Lesson after the Presanctified Liturgy

Holy Trinity Greek Orthodox Church

Grand Rapids, Michigan

March 30, 2022


A story from the desert Fathers provides a fitting image for our topic tonight:

The monks praised a brother to Abba Antony. But Antony went to him and tested whether he could endure abuse. And when he perceived that he could not bear it, he said: “You are like a house with a highly decorated facade, where burglars have stolen all the furniture out of the back door.”

In chapters 14 through 18 of Way of the Ascetics, Tito Colliander focuses on the topics of humility, watchfulness, resolution, and prayer. Without humility, we cannot be watchful. Without watchfulness or “vigilance,” we cannot be resolute. Without resolution—“the will to resist” temptation—we cannot truly pray. Then, no matter how holy we may seem to our brothers and sisters, their praise only amounts to window dressing, while inside the houses of our hearts, nothing of value remains. We have allowed burglars—our temptations—to steal away our virtue while we weren’t looking, too self-absorbed to notice.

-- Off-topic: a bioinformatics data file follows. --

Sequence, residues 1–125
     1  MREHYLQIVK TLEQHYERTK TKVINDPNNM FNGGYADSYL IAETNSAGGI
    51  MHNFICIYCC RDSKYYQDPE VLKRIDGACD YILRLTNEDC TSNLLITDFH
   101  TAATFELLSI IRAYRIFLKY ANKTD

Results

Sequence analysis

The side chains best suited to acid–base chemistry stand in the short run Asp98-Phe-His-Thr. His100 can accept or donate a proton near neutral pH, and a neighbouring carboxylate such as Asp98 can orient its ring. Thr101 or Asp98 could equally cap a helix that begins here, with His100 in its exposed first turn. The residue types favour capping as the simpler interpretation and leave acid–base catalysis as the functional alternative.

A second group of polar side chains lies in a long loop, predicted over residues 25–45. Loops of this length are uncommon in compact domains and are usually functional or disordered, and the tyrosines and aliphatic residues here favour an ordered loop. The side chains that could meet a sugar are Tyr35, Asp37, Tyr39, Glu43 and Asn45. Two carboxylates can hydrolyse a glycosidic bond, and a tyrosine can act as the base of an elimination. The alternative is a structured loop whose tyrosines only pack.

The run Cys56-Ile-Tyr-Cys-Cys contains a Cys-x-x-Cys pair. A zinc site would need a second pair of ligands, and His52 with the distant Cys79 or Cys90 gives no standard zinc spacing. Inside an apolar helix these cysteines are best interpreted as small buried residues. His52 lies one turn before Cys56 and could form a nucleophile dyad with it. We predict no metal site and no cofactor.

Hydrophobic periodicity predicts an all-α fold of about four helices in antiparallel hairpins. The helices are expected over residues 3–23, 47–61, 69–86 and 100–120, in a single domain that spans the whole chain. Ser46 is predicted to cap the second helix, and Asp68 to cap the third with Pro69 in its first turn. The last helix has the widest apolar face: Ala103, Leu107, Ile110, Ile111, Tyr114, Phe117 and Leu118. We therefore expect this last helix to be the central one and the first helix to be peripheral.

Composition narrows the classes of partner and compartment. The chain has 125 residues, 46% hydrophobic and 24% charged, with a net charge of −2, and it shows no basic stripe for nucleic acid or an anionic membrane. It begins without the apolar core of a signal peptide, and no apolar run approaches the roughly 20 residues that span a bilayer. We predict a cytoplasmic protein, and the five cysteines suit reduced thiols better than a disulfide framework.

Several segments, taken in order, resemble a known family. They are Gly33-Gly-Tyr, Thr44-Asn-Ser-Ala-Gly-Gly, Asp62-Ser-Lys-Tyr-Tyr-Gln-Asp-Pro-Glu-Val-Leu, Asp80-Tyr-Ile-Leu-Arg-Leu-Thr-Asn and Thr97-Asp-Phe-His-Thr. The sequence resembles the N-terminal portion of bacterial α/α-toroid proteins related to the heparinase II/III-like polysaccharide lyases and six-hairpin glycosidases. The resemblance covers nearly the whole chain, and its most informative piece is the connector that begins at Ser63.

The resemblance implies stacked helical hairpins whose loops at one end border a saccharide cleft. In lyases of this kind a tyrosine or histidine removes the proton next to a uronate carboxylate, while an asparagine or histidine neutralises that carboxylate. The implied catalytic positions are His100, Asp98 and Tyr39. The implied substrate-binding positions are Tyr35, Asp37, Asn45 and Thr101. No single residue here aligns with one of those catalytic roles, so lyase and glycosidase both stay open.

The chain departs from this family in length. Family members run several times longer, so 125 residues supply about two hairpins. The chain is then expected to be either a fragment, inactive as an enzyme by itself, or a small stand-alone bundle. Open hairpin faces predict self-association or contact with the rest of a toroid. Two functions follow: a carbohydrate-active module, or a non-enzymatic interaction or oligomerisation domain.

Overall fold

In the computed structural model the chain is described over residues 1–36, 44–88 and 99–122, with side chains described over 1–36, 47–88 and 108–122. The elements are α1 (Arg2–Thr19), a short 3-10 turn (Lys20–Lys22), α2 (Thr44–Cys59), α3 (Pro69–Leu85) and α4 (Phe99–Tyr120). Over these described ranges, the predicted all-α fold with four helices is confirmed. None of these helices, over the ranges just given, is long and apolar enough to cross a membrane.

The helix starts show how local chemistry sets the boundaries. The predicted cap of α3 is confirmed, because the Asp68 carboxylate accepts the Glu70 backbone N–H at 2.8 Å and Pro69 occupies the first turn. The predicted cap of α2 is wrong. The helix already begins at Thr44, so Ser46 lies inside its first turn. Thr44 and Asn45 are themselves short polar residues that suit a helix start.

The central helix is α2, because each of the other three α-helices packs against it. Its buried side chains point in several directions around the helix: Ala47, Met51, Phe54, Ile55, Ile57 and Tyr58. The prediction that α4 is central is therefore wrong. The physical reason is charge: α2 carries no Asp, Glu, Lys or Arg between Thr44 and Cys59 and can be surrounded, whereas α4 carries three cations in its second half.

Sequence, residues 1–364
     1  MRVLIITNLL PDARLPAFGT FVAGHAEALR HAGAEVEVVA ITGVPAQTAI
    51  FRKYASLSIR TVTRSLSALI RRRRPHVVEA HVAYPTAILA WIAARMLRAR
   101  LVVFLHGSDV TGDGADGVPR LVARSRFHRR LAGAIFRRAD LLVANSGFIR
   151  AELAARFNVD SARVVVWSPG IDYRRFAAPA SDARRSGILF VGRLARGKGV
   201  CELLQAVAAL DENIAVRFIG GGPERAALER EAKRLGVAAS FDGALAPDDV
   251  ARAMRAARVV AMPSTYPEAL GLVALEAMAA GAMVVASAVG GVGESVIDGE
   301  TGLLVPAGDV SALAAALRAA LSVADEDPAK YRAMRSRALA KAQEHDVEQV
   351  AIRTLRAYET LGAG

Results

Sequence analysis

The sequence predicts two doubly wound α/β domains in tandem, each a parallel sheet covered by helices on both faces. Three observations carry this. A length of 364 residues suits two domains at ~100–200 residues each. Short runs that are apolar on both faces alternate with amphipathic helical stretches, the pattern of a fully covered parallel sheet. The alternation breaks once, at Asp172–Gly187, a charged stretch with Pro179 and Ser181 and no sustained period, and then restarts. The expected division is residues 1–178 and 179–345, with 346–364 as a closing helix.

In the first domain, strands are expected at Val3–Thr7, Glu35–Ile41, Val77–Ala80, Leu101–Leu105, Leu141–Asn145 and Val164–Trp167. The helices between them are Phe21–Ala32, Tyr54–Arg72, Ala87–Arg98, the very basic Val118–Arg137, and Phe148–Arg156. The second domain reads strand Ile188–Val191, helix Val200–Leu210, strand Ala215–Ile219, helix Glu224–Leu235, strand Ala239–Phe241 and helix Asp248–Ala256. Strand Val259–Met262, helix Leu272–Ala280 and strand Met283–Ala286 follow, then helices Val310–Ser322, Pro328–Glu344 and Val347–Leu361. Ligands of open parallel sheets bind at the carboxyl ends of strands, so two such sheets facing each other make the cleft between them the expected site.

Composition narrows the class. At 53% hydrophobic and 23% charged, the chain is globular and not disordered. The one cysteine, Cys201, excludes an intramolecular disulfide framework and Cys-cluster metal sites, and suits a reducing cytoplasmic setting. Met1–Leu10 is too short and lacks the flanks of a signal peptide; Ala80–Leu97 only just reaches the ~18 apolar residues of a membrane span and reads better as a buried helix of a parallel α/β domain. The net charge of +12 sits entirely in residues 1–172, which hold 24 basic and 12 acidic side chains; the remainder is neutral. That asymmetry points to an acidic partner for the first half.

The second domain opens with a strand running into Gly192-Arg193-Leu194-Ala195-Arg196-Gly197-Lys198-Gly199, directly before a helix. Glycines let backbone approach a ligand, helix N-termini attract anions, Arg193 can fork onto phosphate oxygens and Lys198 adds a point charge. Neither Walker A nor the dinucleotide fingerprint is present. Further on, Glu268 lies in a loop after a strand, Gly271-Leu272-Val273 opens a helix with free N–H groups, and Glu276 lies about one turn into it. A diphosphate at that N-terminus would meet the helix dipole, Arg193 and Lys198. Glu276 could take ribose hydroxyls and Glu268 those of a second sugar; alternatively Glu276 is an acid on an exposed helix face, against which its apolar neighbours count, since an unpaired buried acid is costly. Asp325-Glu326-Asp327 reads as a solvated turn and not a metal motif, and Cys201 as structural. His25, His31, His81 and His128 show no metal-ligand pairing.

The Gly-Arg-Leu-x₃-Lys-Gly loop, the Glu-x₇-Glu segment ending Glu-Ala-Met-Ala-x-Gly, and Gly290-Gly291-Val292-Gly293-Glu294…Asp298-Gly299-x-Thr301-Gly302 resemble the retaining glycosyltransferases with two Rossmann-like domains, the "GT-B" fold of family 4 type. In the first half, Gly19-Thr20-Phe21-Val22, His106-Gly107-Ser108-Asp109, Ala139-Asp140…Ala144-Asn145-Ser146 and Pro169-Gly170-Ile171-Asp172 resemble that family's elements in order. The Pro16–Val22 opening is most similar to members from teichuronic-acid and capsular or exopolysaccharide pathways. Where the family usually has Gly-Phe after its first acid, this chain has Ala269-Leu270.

Colliander connects these four elements in the second paragraph of chapter 14:

Humility is a prerequisite, for the proud man is once and for all shut out. Vigilance is necessary in order immediately to recognize the enemies and to keep the heart free from vice. The will to resist must be established at the very instant the enemy is recognized. But since without me ye can do nothing (John 15:5), prayer is the basis on which the whole battle depends.

My intention in this talk tonight is to augment Colliander’s discussion of these four elements by fleshing out some of the Fathers’ teachings that he sometimes leaves implicit in these chapters. With greater nuance, then, I hope we’ll be able to have a deeper discussion of these essential spiritual tools as they relate to our own lives.